Posts Tagged ‘Promotional Robot’

1965 – “Mr. Obos” the Robot – Lou Nasti (American)

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1965 – "Mr. Obos" the Robot by Lou Nasti (upper right).

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New York Times, March 20, 1965 – By PHILIP H. DOUGHERTY – Print Headline: "So What Else Is New? A Robot Makes Debut on Flatbush Ave."

So What Else Is New? A Robot Makes Debut on Flatbush Ave.

ROBOT IN RESIDENCE: Mr. Obos blinks his many lights at the electronic direction of his inventor, Louis Nasti, in the basement of the Nasti apartment house in Flatbush. Besides blinking, robot walks, talks and moves arms.

The other fellows around East 38th Street and Flatbush Avenue have had a pretty busy winter, what with shooting pool at Cannon's, going to dances and all that.
But where has Louis Nasti been? He's been in the basement of the Styling by Silhouette beauty parlor every free minute, and what he's been doing has really become a neighborhood topic. No wonder, for how many fellows are building 6-foot 5-inch, copper-colored robots around Flatbush Avenue these days?
Mr. Obos (he's the robot) was showing off the other night in the basement of 1866 Flatbush Avenue that he shares with a furnace. Nineteen-year-old, 5-foot 4-inch Louis was at the lecternlike, 23-switch control panel as Mr. Obos, in a deep, taped voice, ticked off his physical assets.
"I can do 11 different things." bragged Mr. Obos, antenna twirling as blue eyes and red nose blinked.
"He's great," interrupted Mrs. Marie Nasti, her plump 5-foot frame unable to hold all of her pride. It was not clear whether she was speaking of her son, the inventor, or the invention.
"There are 100 lights outlining my body and 475 feet of running wire from the back of my leg to my controls," continued Mr. Obos with some satisfaction.
Mr. Obos's chin flapped and torso spun in half circles on its marble-mounted waistline as nine little electric motors whirred silently.

"It comes apart in five pieces," young Louis said, leaping to open Mr. Obos's right ankle where a 21-foot power-bearing cable enters the body. The wires are connected to a cable, the cable is connected to a switch panel, the panel is connected to an outlet — oh hear the word of Con Ed.
"It looks sharp in the dark." said young Louis, a thin, well-dressed young man with wavy black hair, interrupting both his mother and Mr. Obos.
Louis explained that he built the robot for the employees' hobby show at Abraham & Straus, where he is in home furnishings display. "They really like me there." he said. Louis has also built a coffinlike box for Mr. Obos and plans to move him to the store today.
Upstairs in the Nastis' three-room apartment (father Attilion was still at work), Louis talked of some of the other thing's he has built, including a robot who did the twist.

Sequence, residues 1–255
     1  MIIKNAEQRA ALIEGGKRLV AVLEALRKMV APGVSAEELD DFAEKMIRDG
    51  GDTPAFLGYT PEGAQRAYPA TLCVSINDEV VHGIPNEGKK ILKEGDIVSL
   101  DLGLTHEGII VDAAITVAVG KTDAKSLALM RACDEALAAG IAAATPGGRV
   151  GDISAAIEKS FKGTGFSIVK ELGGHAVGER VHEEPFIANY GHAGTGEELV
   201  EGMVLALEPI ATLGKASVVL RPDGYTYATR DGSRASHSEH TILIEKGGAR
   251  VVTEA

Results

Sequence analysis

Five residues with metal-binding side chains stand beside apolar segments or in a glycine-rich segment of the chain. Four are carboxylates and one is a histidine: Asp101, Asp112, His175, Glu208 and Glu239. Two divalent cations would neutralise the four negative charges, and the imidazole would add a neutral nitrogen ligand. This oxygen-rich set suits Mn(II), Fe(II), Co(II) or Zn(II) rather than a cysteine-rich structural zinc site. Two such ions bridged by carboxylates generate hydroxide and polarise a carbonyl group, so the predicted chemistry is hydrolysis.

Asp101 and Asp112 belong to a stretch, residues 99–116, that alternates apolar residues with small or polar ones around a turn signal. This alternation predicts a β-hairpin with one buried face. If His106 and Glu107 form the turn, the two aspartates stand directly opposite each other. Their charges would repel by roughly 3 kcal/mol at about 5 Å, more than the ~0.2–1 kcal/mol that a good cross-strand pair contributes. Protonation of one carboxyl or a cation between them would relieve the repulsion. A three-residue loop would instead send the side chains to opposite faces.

"When I was at Midwood High School (he was graduated in 1963) I built a rocket and a radar interceptor—had two airplanes take off and actually collide in the classroom." he said.
Now that Mr. Obos, who got his name from Sobos glue, is finished and all the papier-mache in place and painted on its body of five-gallon oil cans, Louis feels let down. "I went down to the cellar and just sat and looked at him last night." he said.
But he has future plans. "I think," Louis said, "I'll build a family of robots-remote controlled with radio waves-that look like soldiers, not robots." There was a faraway look in his eyes.

Thanks to Lou Nasti and colleague Bob Kovacs in providing the New York Times article.


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Lou Nasti, looking rather like Disney's Geppetto, set up his animated display's business in 1969 and is still going strong. See Animated Displays Inc.

He has a robot called Rodney.

Comment source: here. c2013.

Lou Nasti is famous for his animated window displays. His work is very amiable and seems like it appeals to the younger audience, however can be a fun experience for all ages. Enjoyment and entertainment is found everywhere in his displays. His “Santa’s workshop” can be found in Brooklyn commonly known as Lou Nasti’s Brooklyn company, Mechanical Displays Inc. He is well known for creating displays that have holiday themes and bring out the fantasy in every holiday, such as Santa Claus and his elves. These famous displays can mainly be found in department stores such as Macy’s.

His famous career started as a teenager when he started as a window dresser. His fame up roared when he created a talking and walking robot. His work is amazing and is viewed by many every year. However the main obstacle for Lou Nasti every year is putting up a Christmas tree in his own home. Despite this obstacle, he still creates the best displays filled with imagination. His displays circulate around the country, that’s how good he is.